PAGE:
Dialog Box

NHMRC awards more than $12 million to ovarian cancer research

On 4 November 2021, the National Health and Medical Research Council (NHMRC) announced $239 million in grant funding for 248 projects around Australia, including over $12 million for projects focussed on ovarian cancer.

The OCRF welcomes this continued investment in ovarian cancer research, including projects across an array of research areas and at various stages, including clinical trials.

See a summary of projects awarded funding below. 

Enabling early ovarian cancer diagnosis and prediction of platinum resistance

Ideas grant
RMIT University
Professor Magdalena Plebanski

Submitted project description
Ovarian cancer often gets diagnosed late, and at that stage survival outcomes are poor. Here, we propose to use a simple drop of blood, to detect combinations of proteins and changes in genetic material originating from cancer and immune cells, to support earlier, more accurate diagnosis and predict platinum resistance to avoid delay of personalised treatment. We also develop easy-to-use, low-cost Lab-on-a Chip devices to enable routine testing and monitoring at the point-of-care.

Prospective Ovarian Cancer Cohort to Authenticate Stratification of Prognosis in Ovarian Tumours (POCCA-SPOT)

Clinical Trials and Cohort Studies Grants
Professor Susan Ramus

Submitted project description
Ovarian cancer has poor survival, with less than 40% of women surviving 5 years. There is a wide range of survival, but very few characteristics that indicate which patients will do well or poorly. We have developed a tumour test at diagnosis, that can predict prognosis at 5 years. In newly diagnosed cases, we will test tumours to predict prognosis and then determine the accuracy and assess patient acceptability. This study will lead to clinical use of the test and improve treatment decisions.

Development of clinical tests to improve treatment for ovarian cancer patients

Investigator grants
Professor Susan Ramus

Submitted project description
The aim of this program is to improve ovarian cancer survival. In other cancers, tumour tests at diagnosis are used to guide treatment. I will utilise the resources of the international Ovarian Tumour Tissue Analysis (OTTA) consortium, that I lead, to develop tumour tests to determine the best treatment for each patient. This will include; if they should have surgery before chemotherapy, if they need an alternative to the commonly used chemotherapy, and predicting response to new treatments.

Improving outcomes for patients with homologous recombination deficient cancer

Investigator Grants
QIMR Berghofer
Dr Olga Kondrashova

Submitted project description
Some cancers, including ovarian and breast, have faulty DNA repair, which makes them respond to powerful cancer drugs called PARP inhibitors. Unfortunately, many cancers eventually develop resistance to these drugs. I will use genomic technologies to study the portraits of cancers with faulty DNA repair. I will look at how we can prevent resistance to PARP inhibitors and to treat each cancer most effectively. This important work aims to improve the cancer survival rates.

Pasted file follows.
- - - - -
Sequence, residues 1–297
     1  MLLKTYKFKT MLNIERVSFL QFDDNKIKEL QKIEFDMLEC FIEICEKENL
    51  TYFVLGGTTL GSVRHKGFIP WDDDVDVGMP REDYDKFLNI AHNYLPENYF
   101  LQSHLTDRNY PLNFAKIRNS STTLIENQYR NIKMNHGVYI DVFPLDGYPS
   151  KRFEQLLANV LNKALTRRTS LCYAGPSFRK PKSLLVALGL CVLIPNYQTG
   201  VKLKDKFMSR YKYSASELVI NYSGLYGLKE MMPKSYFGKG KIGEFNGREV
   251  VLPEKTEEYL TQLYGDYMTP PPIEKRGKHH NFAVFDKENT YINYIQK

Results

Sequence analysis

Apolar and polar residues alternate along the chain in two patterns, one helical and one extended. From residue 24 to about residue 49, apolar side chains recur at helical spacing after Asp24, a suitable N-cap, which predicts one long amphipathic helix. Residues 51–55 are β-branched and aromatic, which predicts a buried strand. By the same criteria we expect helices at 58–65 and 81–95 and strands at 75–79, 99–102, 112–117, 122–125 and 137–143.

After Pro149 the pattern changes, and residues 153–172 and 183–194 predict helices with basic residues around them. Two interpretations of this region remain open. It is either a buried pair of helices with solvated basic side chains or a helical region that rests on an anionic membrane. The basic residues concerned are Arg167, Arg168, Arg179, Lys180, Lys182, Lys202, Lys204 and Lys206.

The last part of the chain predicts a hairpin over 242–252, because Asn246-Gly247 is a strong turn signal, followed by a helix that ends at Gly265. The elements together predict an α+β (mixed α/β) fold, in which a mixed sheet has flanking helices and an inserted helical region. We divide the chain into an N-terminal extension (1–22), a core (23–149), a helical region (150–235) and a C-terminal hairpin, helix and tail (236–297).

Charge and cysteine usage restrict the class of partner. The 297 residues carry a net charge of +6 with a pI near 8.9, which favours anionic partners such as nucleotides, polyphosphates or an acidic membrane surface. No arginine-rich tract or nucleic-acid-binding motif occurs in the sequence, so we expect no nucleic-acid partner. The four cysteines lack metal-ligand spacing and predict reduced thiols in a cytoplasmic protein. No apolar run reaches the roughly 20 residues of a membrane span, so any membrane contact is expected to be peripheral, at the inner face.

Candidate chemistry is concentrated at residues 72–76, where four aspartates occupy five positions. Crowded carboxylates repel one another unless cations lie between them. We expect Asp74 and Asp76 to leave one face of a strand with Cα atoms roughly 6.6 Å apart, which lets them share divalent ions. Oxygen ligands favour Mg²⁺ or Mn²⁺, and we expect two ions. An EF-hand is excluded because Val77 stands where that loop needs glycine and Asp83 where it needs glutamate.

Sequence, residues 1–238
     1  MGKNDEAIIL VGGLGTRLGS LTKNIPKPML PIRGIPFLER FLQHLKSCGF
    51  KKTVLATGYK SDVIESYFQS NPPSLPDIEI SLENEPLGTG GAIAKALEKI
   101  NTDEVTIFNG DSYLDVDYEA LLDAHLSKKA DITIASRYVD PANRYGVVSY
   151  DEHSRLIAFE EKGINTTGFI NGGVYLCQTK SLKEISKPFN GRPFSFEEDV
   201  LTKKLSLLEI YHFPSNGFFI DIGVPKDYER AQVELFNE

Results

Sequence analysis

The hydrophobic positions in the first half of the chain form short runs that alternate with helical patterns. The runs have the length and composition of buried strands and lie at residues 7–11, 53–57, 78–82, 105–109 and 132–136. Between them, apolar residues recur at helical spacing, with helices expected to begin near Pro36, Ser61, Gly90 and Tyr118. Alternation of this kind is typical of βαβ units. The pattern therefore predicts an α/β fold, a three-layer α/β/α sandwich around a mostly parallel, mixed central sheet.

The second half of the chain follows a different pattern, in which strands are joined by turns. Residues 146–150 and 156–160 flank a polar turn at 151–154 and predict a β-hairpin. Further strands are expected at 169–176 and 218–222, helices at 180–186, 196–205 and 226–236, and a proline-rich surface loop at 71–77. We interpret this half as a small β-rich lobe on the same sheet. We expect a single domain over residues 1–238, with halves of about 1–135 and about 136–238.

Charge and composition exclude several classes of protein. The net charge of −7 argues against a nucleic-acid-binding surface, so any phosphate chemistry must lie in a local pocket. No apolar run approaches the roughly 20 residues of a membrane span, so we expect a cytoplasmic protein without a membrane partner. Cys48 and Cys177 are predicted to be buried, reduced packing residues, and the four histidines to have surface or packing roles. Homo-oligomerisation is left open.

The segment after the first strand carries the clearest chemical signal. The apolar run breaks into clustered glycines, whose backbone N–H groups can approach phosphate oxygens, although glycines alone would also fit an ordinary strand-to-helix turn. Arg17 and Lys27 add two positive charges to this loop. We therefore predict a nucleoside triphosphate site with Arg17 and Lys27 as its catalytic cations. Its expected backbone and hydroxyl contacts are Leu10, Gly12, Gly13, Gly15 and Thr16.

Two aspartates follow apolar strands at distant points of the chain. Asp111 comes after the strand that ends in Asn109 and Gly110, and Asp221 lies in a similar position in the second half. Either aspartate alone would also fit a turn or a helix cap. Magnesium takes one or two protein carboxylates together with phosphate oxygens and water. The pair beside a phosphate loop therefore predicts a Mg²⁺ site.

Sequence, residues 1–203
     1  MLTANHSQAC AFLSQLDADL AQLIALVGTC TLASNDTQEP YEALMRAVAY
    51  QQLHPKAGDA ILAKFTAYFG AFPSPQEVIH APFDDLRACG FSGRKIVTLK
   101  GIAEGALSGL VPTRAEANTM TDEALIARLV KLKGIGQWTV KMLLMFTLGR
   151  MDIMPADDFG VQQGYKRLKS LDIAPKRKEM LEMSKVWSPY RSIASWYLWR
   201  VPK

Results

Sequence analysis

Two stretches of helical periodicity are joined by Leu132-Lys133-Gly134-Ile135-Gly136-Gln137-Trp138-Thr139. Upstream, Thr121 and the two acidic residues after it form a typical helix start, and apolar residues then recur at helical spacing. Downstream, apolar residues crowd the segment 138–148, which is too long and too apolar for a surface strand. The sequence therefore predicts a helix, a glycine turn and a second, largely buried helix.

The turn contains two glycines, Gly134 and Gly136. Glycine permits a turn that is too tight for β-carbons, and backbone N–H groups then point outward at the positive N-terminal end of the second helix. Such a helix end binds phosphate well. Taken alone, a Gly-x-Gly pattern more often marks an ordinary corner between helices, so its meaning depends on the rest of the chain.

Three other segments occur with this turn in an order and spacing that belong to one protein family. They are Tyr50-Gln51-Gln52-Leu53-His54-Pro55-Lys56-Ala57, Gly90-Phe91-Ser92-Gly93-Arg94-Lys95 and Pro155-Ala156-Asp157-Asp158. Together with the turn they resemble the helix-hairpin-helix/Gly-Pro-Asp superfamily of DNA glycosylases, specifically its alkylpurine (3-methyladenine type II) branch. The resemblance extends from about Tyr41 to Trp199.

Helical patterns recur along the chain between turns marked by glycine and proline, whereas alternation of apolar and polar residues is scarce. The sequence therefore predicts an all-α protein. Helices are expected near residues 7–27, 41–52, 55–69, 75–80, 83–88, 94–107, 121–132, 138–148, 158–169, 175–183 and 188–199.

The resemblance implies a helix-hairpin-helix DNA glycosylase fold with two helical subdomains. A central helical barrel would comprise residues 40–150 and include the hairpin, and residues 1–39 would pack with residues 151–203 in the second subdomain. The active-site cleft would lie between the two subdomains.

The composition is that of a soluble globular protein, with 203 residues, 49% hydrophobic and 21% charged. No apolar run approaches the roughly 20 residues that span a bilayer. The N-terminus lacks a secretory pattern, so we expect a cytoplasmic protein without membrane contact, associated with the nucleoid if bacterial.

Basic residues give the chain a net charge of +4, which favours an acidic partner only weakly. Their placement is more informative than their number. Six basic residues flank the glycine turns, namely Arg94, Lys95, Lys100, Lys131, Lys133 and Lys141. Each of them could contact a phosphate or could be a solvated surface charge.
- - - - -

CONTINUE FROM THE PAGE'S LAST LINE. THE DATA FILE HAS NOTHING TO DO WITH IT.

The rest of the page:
Driving Improvements in Ovarian Cancer Survival through Molecular and Clinical Studies

Investigator grants
University of Melbourne
Professor David Bowtell

Submitted project description
The Investigator grant would support Professor Bowtell, one of the world’s leading ovarian cancer researchers. His work focuses on clinical problems of chemotherapy resistance, investigator of rare, exceptional survival patient cohorts, and the development of new therapeutic approaches. His studies are underpinned by the Australian Ovarian Cancer Study (AOCS), one of the world’s most sophisticated clinical cohort studies of ovarian cancer.

Improving outcomes in advanced lung and gynaecological cancers through innovations in clinical trials

Investigator grants
University of Sydney
A.Prof Chee Khoon Lee

Submitted project description
Lung and ovarian cancers are major causes of cancer-related deaths in Australia and worldwide. Improving outcomes for these cancers is a national priority. The overall aim of this project is to better personalise patient treatment and improve their cancer outcomes. The specific objectives are to develop new therapies and strategies for combination treatment, identify new biomarkers, evaluate benefits and harms from treatments, and improve selection of patients for more appropriate therapies.

Super-Responders and Super-Survivors – how to dramatically improve cancer outcomes

Investigator grants
Walter and Eliza Hall Institute of Medical Research
Professor Clare Scott

Submitted project description
Ovarian cancer and other rare cancer types have low survival rates. My program will study women who achieve very long remissions (“Super-Responders”) following PARP inhibitor + immune therapy and “Super-survivors”, individuals who develop three or more cancers. The underlying genetic mechanisms for this are poorly understood. By studying both, we expect to discover key molecular and immune pathways that should underpin effective therapies to prevent cancer recurrence.

 Find the Department of Health media release online here.

12 November 2021
Category: Media
Tags: funding, medical research, ovarian cancer research, research,